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Linking clinical trials = enriched metadata and increased transparency

****We will shortly be adding a new feature to Crossmark. In a section called “Clinical Trials” we will be using new metadata fields to link together all of the publications we know about that reference a particular clinical trial.

Most medical journals make clinical trial registration a prerequisite for publication. Trials should be registered with one of the fifteen WHO-approved public trial registries, or with clinicaltrials.gov, which is run by the US National Library of Medicine. Once registered, a trial is assigned a clinical trial number (CTN) which is subsequently used to identify that trial in any publications that report on it.

Publications that result from any one trial are likely to be released in multiple journals from different publishers and at different times, for example secondary analyses coming some time after the publication of the initial results. Cross-publisher collaboration is paramount to linking all of these publications together so that researchers, funders, and regulatory agencies can understand the whole set of results from clinical trials. With this in mind, a group of medical publishers, led by BioMedCentral, approached Crossref to establish a working group, and here, they designed an approach to address this problem: “thread” all the various documents together surrounding a clinical trial.

<<<<<<< Updated upstream

To implement threaded publications, publishers extract clinical trial numbers from papers, or ask authors to submit those numbers to them. Publishers add the CTNs to the Crossref DOI metadata via three new fields: clinical trial number, clinical trial registry where trial is registered, and trial stage (pre-results, results or post-results of the trial). Crossref has assigned unique IDs to each trial registry (much the same as we have done for funders in our Funder Registry and for the same reason - trial registry names and URIs can change over time and we need a persistent identifier). Using a combination of trial registry ID and clinical trial number, we can easily identify other content in the Crossref database that cites the same trial. Finally, Crossref displays the clinical trial metadata on the respective papers for all participating Crossmark publishers. Crossmark is a convenient place for readers to access the clinical trial information and is readily accessible directly from the journal article (online and PDF versions). And of course all of the data also goes into our open API so that anyone can make use of it .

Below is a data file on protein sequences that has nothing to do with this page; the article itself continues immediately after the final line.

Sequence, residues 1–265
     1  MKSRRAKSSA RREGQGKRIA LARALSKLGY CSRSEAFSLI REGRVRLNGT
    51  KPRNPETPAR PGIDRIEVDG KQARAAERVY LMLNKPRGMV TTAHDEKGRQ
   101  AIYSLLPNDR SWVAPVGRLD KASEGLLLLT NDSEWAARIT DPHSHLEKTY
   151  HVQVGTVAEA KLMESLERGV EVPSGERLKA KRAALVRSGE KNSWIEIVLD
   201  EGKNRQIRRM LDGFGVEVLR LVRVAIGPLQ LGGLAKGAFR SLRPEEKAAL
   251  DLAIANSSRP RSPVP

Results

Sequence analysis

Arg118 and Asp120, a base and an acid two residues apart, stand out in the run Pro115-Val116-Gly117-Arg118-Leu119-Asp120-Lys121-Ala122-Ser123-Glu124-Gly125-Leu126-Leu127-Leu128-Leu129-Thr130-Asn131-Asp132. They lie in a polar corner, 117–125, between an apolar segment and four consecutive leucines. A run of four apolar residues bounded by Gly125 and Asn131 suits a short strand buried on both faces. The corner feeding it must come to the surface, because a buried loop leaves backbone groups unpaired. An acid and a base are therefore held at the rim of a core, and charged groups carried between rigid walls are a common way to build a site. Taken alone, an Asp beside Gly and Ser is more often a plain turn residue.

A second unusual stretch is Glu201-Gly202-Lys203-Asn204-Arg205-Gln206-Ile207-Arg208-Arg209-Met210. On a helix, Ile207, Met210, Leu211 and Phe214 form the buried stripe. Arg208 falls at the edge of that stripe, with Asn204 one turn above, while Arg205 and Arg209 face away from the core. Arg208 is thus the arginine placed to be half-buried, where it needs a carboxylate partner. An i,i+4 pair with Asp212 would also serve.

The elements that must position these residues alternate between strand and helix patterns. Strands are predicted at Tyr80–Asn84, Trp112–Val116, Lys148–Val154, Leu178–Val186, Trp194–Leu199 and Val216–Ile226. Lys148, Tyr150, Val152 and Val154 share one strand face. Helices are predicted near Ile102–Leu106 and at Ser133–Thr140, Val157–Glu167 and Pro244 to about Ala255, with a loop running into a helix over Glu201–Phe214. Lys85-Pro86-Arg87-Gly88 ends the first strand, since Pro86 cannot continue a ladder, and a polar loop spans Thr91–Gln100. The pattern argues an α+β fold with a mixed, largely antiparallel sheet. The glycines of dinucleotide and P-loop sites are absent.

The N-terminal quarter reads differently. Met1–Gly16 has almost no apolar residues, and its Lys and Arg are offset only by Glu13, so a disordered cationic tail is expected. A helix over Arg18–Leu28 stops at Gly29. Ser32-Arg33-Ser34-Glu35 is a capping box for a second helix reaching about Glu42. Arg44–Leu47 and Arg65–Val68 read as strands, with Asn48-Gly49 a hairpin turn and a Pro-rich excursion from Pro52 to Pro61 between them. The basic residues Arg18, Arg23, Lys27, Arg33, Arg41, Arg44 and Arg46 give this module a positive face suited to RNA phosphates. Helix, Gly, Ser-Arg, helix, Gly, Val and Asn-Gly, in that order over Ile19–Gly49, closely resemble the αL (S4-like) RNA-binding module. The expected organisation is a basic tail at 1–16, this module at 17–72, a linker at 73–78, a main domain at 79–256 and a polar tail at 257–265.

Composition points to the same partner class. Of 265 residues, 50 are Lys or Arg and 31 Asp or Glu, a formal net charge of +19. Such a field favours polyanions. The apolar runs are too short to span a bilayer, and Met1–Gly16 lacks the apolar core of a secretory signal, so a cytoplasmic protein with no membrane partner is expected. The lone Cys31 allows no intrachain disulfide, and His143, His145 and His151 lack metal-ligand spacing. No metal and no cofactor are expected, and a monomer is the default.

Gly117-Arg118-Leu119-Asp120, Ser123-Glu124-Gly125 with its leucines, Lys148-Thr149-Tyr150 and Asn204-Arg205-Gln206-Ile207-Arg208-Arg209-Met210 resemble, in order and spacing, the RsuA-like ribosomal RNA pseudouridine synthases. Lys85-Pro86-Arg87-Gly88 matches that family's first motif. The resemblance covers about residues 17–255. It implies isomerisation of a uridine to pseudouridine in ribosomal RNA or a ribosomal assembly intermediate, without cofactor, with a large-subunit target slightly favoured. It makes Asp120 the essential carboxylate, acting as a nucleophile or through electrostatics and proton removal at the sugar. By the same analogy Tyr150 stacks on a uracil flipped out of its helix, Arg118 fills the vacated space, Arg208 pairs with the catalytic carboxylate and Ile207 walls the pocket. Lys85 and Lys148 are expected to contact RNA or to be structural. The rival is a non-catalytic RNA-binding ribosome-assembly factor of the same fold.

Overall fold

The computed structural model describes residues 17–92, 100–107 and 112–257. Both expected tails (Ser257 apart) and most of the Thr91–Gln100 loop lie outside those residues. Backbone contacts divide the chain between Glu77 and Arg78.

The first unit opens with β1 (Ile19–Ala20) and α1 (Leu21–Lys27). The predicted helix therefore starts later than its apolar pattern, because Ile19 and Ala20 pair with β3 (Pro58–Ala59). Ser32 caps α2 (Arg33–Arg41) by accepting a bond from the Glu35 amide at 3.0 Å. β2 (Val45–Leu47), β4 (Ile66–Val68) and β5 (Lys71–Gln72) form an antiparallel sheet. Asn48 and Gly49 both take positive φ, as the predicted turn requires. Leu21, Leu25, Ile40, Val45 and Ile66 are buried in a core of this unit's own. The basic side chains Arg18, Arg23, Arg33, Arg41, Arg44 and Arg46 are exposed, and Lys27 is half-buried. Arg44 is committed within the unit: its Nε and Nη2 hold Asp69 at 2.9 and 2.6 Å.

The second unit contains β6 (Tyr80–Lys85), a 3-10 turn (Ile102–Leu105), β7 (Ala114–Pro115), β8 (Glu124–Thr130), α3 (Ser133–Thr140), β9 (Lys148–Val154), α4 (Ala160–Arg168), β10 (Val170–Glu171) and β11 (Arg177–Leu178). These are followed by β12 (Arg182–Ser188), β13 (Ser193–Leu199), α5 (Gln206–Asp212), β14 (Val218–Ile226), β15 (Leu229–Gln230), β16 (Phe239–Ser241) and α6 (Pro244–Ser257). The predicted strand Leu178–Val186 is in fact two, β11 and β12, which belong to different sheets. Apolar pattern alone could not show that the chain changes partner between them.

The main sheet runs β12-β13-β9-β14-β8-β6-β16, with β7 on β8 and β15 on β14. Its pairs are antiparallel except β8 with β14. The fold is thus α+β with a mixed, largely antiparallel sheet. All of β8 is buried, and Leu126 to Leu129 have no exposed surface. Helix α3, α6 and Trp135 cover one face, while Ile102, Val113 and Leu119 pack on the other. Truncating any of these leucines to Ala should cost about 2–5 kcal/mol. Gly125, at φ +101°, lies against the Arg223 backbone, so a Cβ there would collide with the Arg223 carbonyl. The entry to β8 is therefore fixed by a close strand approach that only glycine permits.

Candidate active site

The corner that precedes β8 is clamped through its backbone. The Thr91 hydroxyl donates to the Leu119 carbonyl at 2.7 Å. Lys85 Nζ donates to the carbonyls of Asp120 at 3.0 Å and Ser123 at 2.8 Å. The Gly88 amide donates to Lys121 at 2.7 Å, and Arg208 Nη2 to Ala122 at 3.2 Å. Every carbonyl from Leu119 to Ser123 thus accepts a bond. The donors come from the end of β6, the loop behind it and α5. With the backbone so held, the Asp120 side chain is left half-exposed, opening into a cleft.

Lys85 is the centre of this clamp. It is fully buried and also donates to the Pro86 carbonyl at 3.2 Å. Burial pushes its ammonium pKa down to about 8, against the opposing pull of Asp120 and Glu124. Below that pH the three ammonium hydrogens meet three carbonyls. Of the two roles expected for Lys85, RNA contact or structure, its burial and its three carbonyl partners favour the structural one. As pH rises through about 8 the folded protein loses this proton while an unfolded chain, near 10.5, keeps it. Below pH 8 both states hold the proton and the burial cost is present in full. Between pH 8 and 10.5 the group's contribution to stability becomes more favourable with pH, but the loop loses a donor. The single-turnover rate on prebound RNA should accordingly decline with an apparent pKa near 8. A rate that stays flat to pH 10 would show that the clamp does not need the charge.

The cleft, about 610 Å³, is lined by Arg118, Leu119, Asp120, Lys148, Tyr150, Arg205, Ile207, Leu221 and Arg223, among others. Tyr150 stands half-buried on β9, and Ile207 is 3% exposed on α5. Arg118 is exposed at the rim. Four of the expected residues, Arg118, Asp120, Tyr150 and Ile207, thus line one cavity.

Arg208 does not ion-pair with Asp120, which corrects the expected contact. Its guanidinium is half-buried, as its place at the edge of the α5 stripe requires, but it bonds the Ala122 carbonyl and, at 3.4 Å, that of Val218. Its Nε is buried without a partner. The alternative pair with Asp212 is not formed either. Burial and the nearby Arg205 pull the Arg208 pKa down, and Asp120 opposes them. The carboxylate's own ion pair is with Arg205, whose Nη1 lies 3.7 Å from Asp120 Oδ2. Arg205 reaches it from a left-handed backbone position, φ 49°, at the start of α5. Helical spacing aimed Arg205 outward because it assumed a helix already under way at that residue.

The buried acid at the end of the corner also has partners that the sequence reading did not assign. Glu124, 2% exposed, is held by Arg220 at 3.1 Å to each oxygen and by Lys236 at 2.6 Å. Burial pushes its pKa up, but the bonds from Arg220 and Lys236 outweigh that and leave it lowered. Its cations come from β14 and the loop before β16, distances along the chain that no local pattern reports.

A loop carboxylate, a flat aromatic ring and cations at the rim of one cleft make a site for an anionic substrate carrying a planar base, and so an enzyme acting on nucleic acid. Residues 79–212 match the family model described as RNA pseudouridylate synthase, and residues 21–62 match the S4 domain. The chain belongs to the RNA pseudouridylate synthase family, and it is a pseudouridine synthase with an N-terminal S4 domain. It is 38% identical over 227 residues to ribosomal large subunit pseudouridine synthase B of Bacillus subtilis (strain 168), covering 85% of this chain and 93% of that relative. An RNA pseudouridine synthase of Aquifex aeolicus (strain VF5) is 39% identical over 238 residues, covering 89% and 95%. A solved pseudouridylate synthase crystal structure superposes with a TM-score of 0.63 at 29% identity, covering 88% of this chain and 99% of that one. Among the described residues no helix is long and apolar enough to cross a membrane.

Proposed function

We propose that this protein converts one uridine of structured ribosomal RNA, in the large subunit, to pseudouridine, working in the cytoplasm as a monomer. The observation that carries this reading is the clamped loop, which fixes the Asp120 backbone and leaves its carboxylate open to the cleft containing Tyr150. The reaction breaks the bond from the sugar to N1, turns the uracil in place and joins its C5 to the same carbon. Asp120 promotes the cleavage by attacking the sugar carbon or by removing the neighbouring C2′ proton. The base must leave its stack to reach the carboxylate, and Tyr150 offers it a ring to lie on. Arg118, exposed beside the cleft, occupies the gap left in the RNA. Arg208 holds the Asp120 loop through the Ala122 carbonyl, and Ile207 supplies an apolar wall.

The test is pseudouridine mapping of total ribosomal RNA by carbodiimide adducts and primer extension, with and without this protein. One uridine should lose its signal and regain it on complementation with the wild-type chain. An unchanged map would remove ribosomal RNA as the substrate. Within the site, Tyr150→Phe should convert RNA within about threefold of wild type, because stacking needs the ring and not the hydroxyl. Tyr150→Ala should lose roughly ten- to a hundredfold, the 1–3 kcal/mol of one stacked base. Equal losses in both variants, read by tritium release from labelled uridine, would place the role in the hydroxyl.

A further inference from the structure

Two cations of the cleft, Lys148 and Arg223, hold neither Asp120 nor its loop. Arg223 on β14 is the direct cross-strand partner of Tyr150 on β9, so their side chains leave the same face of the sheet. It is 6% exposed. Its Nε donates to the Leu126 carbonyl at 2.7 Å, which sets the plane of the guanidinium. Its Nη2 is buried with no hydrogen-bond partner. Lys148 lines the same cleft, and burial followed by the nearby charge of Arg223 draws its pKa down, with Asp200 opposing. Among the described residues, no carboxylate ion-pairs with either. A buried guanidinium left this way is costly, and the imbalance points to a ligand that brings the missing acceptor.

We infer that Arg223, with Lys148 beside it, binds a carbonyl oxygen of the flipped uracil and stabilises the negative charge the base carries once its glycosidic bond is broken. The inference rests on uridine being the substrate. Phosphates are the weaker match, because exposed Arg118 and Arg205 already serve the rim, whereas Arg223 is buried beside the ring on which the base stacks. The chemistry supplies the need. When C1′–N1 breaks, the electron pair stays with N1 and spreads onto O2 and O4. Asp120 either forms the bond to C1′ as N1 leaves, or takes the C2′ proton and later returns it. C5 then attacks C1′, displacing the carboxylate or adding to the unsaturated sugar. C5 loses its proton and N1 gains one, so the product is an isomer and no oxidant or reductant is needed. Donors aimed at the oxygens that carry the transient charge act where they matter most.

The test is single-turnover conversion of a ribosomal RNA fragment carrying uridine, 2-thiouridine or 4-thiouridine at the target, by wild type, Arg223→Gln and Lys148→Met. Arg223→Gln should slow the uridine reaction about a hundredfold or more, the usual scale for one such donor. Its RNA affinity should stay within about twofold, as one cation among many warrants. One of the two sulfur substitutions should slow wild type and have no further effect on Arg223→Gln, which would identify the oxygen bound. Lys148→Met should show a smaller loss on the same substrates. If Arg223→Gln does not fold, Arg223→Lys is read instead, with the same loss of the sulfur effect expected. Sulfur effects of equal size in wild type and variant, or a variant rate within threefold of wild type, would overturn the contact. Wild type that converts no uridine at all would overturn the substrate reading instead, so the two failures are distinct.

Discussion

To implement threaded publications, publishers extract clinical trial numbers from papers, or ask authors to submit those numbers to them. Publishers add the CTNs to the Crossref DOI metadata via three new fields: clinical trial number, clinical trial registry where trial is registered, and trial stage (pre-results, results or post-results of the trial). Crossref has assigned unique IDs to each trial registry (much the same as we have done for funders in our Open Funder Registry  and for the same reason - trial registry names and URIs can change over time and we need a persistent identifier). Using a combination of trial registry ID and clinical trial number, we can easily identify other content in the Crossref database that cites the same trial. Finally, Crossref displays the clinical trial metadata on the respective papers for all participating Crossmark publishers. Crossmark is a convenient place for readers to access the clinical trial information and is readily accessible directly from the journal article (online and PDF versions). And of course all of the data also goes into our open API so that anyone can make use of it . >>>>>>> Stashed changes

The reporting of clinical trial results is notoriously inconsistent, something that the AllTrials initiative is also seeking to address. Publishers can help by collecting this information upstream and disseminating it using the existing Crossref infrastructure.

We ask all publishers to deposit the clinical trial data which is so critical to transparency in this area of research, and have already had the first data in from Crossref member the National Institute of Health Research. Once we launch the initial set of linked clinical trials, we will expand coverage of the threaded publications to include all content that reports on or references a clinical trial, from protocol to results to supporting data and systematic reviews.

Stay tuned and watch this space as threaded publications rolls out to journal articles across publishers!

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Last Updated: 2018 March 28 by Kirsty Meddings